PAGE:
Hayley Dodsworth, co-author of Emma Bright and The Super Food Fight, began her author career back in 2011 when she overcame a parenting problem of fussy eating with her daughter, Emma, aged 5. Hayley was able to introduce Emma to the benefits of eating a wider variety of healthy foods through the super food fight concept, a fun and imaginative way to inspire and engage her.

Donna Harrison, co-author of Emma Bright and The Super Food Fight, started writing in 2000 when she penned her dissertation on the first English actresses and began looking at adapting the work into book format. She has also written 2 play scripts on the theme of time travel. When approached by long time friend, Hayley Dodsworth, with an idea to work together on a concept that Hayley had developed around helping to tackle fussy eating in children via a fun adventure story, Donna metaphorically dusted off the fountain pen! Donna is also a freelance drama practitioner.


Gordon Black

From Bags to Blenders - The Journey of a Yorkshire Businessman

When Gordon joined Peter Black Limited in 1965, the company was already a supplier of bags and shoes to Marks & Spencer and Boots and turned over approx £2m. During the following few years Gordon and his brother Thomas expanded the range of products they supplied to M & S to include leisure wear, toiletries, cosmetics and homeware and by the time the company floated on the  stock exchange in 1972 sales had reached £47m (£94m in today’s money). The company was taken private on 2000 and sold in 2007 to a Chinese purchaser by which time turnover had reached £300m (£600m in today’s money) and had several thousand employees.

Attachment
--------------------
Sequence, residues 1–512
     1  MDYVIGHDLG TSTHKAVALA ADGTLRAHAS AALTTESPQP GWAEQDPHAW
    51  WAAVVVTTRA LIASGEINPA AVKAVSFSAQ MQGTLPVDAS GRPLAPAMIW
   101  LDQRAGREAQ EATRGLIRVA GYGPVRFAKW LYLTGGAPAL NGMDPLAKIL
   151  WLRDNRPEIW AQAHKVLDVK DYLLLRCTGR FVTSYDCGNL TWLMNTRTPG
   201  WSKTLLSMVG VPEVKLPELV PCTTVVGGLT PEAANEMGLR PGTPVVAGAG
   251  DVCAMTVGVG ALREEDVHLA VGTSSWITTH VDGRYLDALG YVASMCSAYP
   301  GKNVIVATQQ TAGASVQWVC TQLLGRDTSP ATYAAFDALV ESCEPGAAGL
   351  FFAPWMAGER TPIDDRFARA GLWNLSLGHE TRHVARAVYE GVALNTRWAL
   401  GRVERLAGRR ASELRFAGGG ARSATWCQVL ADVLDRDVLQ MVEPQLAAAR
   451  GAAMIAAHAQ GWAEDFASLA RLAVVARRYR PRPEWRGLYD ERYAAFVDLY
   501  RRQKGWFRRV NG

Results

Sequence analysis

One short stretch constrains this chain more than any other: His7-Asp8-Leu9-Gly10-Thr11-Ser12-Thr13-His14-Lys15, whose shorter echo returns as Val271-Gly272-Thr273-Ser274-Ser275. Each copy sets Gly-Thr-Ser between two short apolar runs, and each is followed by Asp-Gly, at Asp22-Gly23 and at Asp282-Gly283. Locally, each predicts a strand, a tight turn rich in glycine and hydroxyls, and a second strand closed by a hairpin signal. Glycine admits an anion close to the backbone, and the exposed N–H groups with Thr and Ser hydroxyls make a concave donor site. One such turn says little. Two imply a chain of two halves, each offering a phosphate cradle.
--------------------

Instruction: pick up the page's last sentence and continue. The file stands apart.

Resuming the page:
Since the sale Gordon has invested in variety of ventures including the fast growing High Street TV Limited and written a book, From Bags to Blenders-The Journey of a Yorkshire Businessman.


Paul A. Mendelson

Life, Art and Heinz Spaghetti

How a writer’s life and work inevitably intertwine

After gaining a first in law from Cambridge Paul A. Mendelson went on to run a family law department in the city. He then spent 17 years as an award-winning advertising copy writer before turning his hand to scriptwritng.

He has created several hit BBC comedy series, including the BAFTA-nominated May to DecemberSo Haunt Me and the hugely popular My Hero, starring Ardal O’Hanlon. For ITV he wrote the much-acclaimed Martin Clunes cancer drama Losing It. He co-created Neighbors From Hell for DreamWorks Animation and writes regularly for BBC Radio 4 Drama. His first novel, In the Matter of Isabel, has been bought by a major Hollywood producer.

Admission: £5


Ariel Kahn

Raising Sparks